This year marked a great achievement at eradicating a painful, systemic parasitic disease called Guinea worm.

In 1986 3.5 million cases in 20 nations were reported. In 2008, the number fell to 4,410 cases in six countries, thanks largely to the work of The Carter Center and funding by the British government and The Bill & Melinda Gates Foundation.

"Our record on Guinea worm for the last few years has been steadily and rapidly downward," former U.S. President Carter told the AP.

By 2009, public health officials hope to officially eradicate the disease, making the Guinea worm one of a few diseases (such as small pox) to officially be eliminated from the world.

People ingest the Guinea worm as larvae in contaminated drinking water. In a year's time the worm can grow to be three feet long before slowly burrowing out of the skin.

According to reports by the AP, the disease is not fatal but can cause excruciating pain for months.

No. 8: Early Blood Test for Down Syndrome

A controversial and emotional medical advance this year may one day allow parents to test for signs of Down syndrome as early as 12 to 13 weeks into the first trimester.

The noninvasive blood test called SEQureDX, developed by the San Diego-based company Sequenom, can be administered as early as 12 to 13 weeks into the first trimester.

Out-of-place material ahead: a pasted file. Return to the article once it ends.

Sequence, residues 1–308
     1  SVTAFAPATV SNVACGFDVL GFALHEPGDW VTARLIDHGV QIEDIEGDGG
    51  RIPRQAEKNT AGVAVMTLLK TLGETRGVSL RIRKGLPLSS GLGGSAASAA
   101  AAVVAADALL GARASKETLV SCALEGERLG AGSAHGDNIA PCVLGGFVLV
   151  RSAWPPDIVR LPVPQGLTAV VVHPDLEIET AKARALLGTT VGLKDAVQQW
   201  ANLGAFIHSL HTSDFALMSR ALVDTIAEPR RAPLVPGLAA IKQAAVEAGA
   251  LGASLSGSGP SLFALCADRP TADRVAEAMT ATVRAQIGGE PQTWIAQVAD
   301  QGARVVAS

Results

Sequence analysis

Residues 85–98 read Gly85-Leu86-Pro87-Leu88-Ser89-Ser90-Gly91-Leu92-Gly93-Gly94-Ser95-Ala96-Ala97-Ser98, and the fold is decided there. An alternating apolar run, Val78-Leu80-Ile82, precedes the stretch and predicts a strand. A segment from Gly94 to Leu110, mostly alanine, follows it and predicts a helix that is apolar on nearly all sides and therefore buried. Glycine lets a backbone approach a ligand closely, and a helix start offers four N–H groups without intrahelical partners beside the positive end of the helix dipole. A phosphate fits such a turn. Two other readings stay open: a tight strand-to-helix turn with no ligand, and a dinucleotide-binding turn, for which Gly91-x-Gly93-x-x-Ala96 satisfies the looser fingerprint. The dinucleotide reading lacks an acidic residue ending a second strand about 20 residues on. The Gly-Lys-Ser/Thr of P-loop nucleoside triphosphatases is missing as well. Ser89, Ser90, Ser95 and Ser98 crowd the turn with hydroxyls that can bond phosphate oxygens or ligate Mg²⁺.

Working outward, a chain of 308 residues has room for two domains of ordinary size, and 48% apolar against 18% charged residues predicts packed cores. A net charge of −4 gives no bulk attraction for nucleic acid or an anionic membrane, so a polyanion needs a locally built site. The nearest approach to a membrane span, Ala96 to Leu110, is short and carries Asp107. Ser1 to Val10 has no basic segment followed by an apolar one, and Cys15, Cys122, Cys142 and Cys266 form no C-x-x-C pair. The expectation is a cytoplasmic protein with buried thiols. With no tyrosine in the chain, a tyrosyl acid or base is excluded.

Current tests may be carried out at around 18 weeks of pregnancy, but carry a higher risk for the mother and the baby. An estimated 87 percent of all women carrying a child with Down syndrome don't learn the news until delivery.

One in every 733 babies -- or around 5,500 each year -- is born with Down syndrome, the most common genetic condition in the United States, causing an array of physical and mental challenges for both child and parents.

Controversy surrounds the question of whether an early pregnancy test would or should encourage parents to abort Down syndrome infants. According to reporting by, about 90 percent of women who learn they are carrying a child with Down syndrome end their pregnancies.

No. 9: Stem Cell Trachea Transplant

Claudia Castillo, a 30-year-old woman living in Barcelona, was the first person in the world to receive a full trachea (or wind pipe) organ transplant grown entirely from her own stem cells.